Taps, trees and Men's Health mark summer term

by Kathleen McDermott | 9/19/00 5:00am

The Summer term began with an announcement that would affect many more classes than just that of 2002, in residence for their Sophomore Summer.

Only one week into the term, Dean of Residential Life Martin Redman announced that all CFS houses must remove their permanent bars and tap systems by this past Saturday, as part of changes due to the Student Life Initiative. Many houses opted to have their bar removal funded by the College.

A month later The Dartmouth reported many of the houses were removing their taps in advance of the deadline.

Redman told The Dartmouth houses were dealing with the declaration in a number of ways beyond full removal. Some were building new, non-bar units on top of the former bars or walling them off into closet areas.

The Board of Trustees, the driving force behind the Initiative and College changes, had new transitions to adjust to, as well. Karen Francis '84 was elected the newest Trustee, replacing Kate Stith-Cabranes '73. A San Francisco businesswoman, Francis was a founding member of Epsilon Kappa Theta sorority.

Changes in Dartmouth social life won national attention, or infamy, when Men's Health Magazine rated Dartmouth as one of the 10 most "anti-male" schools in the nation. Using criteria such as the College's position on fraternities and the size of the College's Women's Studies Department, to judge the campus atmosphere, Men's Health released a ranking that came as a surprise to many students.

While Men's Health may have found fault with the College, U.S. News and World Report released its yearly rankings with Dartmouth leaping up in the rankings to the ninth best college in the nation.

The Class of 2002 elected new leaders for their Class Council, with Phil Mone winning the race for President and Molly Stutzman for Vice President.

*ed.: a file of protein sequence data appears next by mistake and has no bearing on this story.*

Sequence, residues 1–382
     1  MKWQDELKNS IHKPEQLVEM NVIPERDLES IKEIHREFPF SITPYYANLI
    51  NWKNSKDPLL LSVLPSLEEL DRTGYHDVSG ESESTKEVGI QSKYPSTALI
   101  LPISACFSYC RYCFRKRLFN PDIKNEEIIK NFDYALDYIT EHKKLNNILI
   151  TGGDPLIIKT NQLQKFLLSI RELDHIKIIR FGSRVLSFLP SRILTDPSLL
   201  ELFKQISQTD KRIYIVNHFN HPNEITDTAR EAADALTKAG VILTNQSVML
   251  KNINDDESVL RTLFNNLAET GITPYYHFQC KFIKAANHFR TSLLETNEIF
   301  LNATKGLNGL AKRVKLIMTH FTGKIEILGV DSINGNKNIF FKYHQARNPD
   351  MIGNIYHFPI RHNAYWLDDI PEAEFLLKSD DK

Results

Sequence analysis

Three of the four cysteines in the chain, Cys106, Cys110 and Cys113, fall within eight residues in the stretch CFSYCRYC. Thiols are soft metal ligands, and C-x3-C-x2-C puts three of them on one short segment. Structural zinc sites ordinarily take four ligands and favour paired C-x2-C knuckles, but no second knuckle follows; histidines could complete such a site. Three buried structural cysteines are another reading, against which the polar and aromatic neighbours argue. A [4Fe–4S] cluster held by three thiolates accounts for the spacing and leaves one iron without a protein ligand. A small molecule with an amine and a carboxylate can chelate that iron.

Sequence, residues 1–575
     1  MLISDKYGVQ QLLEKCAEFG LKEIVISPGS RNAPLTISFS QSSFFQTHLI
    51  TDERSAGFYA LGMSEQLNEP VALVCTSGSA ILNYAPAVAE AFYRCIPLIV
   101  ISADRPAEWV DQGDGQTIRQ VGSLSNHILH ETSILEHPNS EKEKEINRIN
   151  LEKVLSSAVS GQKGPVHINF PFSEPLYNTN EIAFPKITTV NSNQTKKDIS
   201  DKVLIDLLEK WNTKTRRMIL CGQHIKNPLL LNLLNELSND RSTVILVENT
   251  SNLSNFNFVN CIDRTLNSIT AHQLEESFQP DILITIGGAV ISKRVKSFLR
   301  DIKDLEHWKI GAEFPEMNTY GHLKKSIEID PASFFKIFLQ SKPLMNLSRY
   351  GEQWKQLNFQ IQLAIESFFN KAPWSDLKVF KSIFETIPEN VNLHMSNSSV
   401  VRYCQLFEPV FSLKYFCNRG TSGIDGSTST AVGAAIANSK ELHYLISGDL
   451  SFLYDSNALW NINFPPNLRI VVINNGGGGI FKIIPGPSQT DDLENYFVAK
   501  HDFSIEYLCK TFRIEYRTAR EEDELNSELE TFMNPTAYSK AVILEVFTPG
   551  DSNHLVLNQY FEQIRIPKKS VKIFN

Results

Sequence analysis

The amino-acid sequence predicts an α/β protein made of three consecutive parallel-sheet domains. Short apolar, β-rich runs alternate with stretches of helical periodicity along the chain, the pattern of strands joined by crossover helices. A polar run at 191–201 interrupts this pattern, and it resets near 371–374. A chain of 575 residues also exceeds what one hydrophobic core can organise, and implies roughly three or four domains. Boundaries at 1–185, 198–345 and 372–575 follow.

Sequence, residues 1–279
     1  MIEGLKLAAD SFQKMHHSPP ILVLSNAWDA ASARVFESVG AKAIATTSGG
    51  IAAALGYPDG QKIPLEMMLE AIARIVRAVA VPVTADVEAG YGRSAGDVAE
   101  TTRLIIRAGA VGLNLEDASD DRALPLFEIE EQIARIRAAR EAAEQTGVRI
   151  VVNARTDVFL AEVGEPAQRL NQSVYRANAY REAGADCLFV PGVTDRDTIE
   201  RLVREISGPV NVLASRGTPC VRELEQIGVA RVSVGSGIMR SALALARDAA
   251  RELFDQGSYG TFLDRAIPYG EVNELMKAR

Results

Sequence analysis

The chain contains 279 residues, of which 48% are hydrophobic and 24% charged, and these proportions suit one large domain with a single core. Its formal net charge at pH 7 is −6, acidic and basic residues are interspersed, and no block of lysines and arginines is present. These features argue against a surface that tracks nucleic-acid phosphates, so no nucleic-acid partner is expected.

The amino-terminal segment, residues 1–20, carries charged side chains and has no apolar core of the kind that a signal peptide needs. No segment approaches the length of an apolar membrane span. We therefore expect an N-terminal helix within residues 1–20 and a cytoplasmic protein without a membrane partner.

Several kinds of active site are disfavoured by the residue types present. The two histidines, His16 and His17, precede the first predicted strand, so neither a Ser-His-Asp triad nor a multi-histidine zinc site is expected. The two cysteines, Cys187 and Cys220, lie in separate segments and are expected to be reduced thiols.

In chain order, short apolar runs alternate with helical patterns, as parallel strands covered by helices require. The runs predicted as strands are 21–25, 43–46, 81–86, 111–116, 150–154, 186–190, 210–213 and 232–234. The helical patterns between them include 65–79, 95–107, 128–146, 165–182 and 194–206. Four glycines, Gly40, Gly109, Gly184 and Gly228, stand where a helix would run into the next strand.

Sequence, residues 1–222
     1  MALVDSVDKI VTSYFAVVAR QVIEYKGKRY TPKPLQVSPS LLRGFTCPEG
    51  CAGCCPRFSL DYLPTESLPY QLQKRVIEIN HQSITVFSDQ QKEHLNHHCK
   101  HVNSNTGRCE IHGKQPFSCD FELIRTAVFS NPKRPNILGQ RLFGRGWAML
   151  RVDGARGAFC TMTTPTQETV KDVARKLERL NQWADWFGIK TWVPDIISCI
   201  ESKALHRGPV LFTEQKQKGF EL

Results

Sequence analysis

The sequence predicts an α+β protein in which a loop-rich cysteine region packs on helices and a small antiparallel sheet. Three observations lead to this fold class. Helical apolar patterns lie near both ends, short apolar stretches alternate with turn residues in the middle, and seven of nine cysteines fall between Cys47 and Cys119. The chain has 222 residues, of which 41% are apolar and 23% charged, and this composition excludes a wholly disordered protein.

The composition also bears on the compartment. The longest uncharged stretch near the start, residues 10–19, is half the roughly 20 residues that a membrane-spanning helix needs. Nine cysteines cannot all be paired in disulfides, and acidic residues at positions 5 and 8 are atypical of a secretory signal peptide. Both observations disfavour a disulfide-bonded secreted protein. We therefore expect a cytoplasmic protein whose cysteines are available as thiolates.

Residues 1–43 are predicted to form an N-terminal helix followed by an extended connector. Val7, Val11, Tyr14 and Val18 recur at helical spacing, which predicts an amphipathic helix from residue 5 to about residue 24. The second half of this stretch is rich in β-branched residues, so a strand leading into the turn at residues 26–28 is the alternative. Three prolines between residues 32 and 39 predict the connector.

Trees -- or rather their disappearance -- dominated much of the summer's news. Two members of Sigma Phi Epsilon cut down a memorial cherry tree on the Alpha Chi Alpha lawn. The offenders apologized soon after.

In addition, the rope swing -- one of the strongest symbols of the Sophomore Summer -- was nearly cut down shortly into the summer. Due to noise and safety complaints by Hanover residents, the Hanover Town Manager announced the decision in early July, yet by the end of the term the swing had yet to be cut down.

Tubestock weekend -- when Dartmouth students dot the Connecticut River in tubes and rafts -- was greeted by threatening clouds but pleasant weather. The annual event was without major incident.

As the summer wound down, Computing Services launched a new web site for the College, designed for easier navigation and quicker loading, but many students were not impressed with its design. Construction on much of the new Berry Library finished up, with an independent contractor shipped up to help with the tremendous book-moving required. The library officially opens today.

In news that had positive effects for the summer and beyond, gifts to Dartmouth reached a record high, with donations from individuals, foundations, and corporation totaling $116 million over the past year.

Adam Nelson '97 won a chance to join other Dartmouth Olympians down under at the Sydney Summer Games when he placed first in the shot-put at the U.S. Olympic trials.

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